While Paul Krugman is hardly alone in warning of the counter-stimulative impact of state spending reductions, he has uniquely captured the problem in a phrase: “Fifty Herbert Hoovers.”
Citing several state budget-cutting steps, Krugman notes:
[S]hredding the social safety net at a moment when many more Americans need help isn’t just cruel. It adds to the sense of insecurity that is one important factor driving the economy down.
So why are we doing this to ourselves?
The answer, of course, is that state and local government revenues are plunging along with the economy — and unlike the federal government, lower-level governments can’t borrow their way through the crisis. Partly that’s because these governments, unlike the feds, are subject to balanced-budget rules. But even if they weren’t, running temporary deficits would be difficult. Investors, driven by fear, are refusing to buy anything except federal debt, and those states that can borrow at all are being forced to pay punitive interest rates.
Unsurprisingly, Krugman endorses the idea of including “safety-net” expenditures, infrastructure investments, and expanded educational assistance (all of which could have profound ameliorative effects on state budgets) in the impending stimulus package. He does not, I am pleased to report, endorse no-strings general revenue sharing, which could perversely encourage states to take the very steps he deplores.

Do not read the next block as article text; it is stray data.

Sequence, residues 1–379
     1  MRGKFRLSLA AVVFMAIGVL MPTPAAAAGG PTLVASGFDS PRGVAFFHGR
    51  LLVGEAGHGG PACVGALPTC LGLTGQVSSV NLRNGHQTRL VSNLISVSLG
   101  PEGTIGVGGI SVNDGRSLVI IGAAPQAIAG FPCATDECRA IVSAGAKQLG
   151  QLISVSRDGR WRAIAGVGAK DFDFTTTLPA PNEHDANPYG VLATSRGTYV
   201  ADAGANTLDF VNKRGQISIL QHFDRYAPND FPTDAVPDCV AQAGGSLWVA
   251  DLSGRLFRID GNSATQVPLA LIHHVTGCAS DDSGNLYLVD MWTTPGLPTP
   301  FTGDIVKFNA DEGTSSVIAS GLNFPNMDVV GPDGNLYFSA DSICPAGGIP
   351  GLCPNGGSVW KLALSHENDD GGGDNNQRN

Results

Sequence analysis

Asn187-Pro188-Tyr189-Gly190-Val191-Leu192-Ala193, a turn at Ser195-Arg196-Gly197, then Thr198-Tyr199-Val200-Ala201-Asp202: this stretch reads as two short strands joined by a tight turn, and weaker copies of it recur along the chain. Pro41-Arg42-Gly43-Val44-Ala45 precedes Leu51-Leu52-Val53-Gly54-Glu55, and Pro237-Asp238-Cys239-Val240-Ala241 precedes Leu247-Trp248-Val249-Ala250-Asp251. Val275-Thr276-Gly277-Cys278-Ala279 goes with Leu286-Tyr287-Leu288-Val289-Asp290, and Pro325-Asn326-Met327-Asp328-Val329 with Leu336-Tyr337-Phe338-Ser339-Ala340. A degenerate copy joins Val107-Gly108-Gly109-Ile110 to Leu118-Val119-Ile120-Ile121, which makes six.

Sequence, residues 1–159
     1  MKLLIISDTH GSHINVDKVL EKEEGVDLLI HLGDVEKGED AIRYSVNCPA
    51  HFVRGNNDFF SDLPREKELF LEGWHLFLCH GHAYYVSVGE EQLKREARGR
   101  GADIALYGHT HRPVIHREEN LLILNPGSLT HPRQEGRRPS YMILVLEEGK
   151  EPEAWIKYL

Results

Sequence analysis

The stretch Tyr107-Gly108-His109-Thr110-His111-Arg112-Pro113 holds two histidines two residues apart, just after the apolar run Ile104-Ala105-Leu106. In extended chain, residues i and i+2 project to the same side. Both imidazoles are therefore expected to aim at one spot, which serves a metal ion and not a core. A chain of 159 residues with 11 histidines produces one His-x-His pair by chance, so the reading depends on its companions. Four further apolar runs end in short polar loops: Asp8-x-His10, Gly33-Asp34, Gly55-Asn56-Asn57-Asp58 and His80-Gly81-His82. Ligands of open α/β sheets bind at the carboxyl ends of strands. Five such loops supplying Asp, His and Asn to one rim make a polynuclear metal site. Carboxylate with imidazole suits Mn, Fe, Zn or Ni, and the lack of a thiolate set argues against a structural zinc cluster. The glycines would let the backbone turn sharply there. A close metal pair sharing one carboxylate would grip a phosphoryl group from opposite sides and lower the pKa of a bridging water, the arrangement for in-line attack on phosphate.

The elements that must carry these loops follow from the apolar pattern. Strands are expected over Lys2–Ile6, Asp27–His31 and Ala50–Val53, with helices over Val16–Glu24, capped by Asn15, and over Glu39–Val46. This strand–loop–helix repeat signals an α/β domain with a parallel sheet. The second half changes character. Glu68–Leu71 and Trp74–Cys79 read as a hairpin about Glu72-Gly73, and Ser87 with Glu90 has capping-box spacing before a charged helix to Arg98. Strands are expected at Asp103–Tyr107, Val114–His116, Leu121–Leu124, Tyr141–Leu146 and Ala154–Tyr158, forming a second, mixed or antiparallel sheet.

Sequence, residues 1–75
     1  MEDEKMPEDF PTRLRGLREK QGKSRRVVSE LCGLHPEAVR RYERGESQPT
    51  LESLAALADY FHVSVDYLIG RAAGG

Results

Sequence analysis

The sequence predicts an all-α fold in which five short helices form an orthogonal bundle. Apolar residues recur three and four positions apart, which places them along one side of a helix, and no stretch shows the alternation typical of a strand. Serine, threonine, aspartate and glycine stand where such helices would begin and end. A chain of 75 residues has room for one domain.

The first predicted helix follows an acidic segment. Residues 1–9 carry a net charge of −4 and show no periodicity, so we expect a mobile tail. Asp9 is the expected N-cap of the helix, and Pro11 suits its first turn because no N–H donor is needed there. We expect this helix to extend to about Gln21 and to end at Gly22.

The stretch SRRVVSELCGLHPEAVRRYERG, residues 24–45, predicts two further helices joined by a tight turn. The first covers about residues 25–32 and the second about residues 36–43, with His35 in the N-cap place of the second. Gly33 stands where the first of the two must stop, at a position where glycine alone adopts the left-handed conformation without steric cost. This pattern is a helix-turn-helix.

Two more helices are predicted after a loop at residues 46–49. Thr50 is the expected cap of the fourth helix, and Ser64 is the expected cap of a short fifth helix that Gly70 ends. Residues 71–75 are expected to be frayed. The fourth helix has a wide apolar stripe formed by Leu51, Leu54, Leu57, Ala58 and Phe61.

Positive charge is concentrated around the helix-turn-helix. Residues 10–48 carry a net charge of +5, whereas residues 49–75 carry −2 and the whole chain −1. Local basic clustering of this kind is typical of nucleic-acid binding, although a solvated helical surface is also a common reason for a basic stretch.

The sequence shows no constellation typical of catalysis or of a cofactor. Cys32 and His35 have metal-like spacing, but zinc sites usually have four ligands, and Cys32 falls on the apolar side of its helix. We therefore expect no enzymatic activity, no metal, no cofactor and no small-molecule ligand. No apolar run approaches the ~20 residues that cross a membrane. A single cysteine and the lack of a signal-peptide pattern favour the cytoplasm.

But he does go on to raise a really important question that hasn’t been seriously discussed in Washington since the beginning of the Reagan administration: does the current intergovernmental system in this country really make much sense?
As a nation, we don’t believe that our fellow citizens should go without essential health care. Why, then, does a large share of funding for Medicaid come from state governments, which are forced to cut the program precisely when it’s needed most?
An educated population is a national resource. Why, then, is basic education mainly paid for by local governments, which are forced to neglect the next generation every time the economy hits a rough patch?
And why should investments in infrastructure, which will serve the nation for decades, be at the mercy of short-run fluctuations in local budgets?
As a veteran of the New Federalism wars of the early 1980s, I can certainly say that nothing about our system of federal-state-local relations has improved in clarity or rationality since the days when former Gov. Bruce Babbitt spoke of an “intergovernmental omelet of scrambled responsibilities.” As always, necessity is the mother of invention, and perhaps we are due another long-overdue look at how we allocate authority and resources among the different levels of government. This time, I hope progressives will lead, not follow, the debate.